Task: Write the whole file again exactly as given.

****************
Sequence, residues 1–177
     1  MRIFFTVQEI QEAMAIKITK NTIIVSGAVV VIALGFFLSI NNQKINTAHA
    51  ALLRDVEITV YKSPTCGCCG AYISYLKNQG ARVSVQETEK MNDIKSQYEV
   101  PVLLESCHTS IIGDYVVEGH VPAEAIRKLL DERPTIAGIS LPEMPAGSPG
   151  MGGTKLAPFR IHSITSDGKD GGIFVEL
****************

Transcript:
Sequence, residues 1–177
     1  MRIFFTVQEI QEAMAIKITK NTIIVSGAVV VIALGFFLSI NNQKINTAHA
    51  ALLRDVEITV YKSPTCGCCG AYISYLKNQG ARVSVQETEK MNDIKSQYEV
   101  PVLLESCHTS IIGDYVVEGH VPAEAIRKLL DERPTIAGIS LPEMPAGSPG
   151  MGGTKLAPFR IHSITSDGKD GGIFVEL